Help with Simple High School Physics

In summary, the conversation is about finding momentum in high school physics using only mass and height. The participants discuss the relationship between potential and kinetic energy, as well as the formula for finding momentum. They also mention a physics assignment that involves finding momentum with given mass and height.
  • #1
duke1
14
0
Help with "Simple" High School Physics

Hey, does anyone know how to find the momentum when you only have mass and height?
 
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  • #2
How does potential energy relate to kinetic energy?
 
  • #3
I think it's a trick. Is momentum proportional to energy?
 
  • #4
I have a problem on a physics assignment to find momentum and all I'm given is the mass and a height. Once I come up with a formula for that I should be able to find the rest. Any ideas?
 
  • #5
p=mv.. so if its not moving then momentum is zero. there has to be some context like maybe the final momentum when a mass is dropped from a height? or something...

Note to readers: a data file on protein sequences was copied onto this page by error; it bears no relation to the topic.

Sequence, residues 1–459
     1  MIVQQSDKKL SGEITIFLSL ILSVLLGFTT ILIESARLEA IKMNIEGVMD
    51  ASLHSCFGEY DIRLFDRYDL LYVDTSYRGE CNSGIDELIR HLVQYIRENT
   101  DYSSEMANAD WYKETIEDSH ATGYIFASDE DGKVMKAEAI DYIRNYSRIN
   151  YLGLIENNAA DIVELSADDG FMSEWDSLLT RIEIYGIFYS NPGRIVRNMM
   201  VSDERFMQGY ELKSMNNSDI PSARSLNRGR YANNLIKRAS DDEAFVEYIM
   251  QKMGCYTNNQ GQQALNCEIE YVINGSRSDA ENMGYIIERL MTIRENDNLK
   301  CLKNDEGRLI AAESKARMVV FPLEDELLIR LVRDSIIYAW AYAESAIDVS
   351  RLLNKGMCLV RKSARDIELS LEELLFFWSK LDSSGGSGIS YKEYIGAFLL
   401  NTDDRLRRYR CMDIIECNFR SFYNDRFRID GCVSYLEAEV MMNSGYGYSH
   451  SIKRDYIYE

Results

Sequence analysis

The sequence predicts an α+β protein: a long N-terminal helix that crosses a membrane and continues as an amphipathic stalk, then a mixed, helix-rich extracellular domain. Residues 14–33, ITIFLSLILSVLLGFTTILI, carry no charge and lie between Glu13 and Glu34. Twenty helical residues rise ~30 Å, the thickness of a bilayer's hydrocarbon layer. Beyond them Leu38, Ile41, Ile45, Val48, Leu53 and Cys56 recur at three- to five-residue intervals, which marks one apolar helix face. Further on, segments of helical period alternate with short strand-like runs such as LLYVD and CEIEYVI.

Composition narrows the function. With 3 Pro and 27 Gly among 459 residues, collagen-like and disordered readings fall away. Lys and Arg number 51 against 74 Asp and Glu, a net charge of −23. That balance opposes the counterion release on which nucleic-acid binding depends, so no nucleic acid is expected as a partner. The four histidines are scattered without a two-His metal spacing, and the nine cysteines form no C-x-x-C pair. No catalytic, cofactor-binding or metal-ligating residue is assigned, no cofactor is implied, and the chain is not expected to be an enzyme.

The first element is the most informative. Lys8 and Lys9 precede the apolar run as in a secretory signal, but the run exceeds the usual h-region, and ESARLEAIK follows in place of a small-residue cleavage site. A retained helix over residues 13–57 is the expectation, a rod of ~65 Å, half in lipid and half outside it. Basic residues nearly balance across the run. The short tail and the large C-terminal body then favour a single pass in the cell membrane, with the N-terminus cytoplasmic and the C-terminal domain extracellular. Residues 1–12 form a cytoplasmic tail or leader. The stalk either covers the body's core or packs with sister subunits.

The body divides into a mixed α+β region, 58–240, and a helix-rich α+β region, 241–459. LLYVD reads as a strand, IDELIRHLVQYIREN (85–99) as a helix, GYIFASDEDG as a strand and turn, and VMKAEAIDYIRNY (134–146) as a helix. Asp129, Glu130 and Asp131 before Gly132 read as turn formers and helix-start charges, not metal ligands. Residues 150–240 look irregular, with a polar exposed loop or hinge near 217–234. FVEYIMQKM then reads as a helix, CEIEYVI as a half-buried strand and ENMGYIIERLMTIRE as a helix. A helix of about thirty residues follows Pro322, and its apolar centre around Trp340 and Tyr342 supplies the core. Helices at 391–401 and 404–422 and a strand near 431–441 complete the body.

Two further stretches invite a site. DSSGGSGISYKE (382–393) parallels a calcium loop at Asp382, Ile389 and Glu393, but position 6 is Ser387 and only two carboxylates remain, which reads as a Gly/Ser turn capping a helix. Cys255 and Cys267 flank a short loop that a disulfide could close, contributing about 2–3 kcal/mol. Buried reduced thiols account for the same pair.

• #6
ok this post wasnt really detailed but thx...ive put up a new one though..."Finding momentum with height and mass" that has the problem and all
 

Related to Help with Simple High School Physics

1. What is the difference between distance and displacement?

Distance is the total length of the path traveled by an object, while displacement is the shortest distance between the starting and ending points of an object's motion.

2. How do I calculate acceleration?

Acceleration is calculated by dividing the change in velocity by the change in time. The formula is: a = (vf - vi) / t, where a is acceleration, vf is final velocity, vi is initial velocity, and t is time.

3. What is the difference between speed and velocity?

Speed is the rate at which an object moves, while velocity includes both the speed and direction of motion. In other words, velocity is a vector quantity, while speed is a scalar quantity.

4. What is Newton's First Law of Motion?

Newton's First Law of Motion, also known as the Law of Inertia, states that an object will remain at rest or in uniform motion in a straight line unless acted upon by an external force.

5. How do I calculate work?

Work is calculated by multiplying the force applied to an object by the distance it moves in the direction of the force. The formula is: W = F * d, where W is work, F is force, and d is distance.

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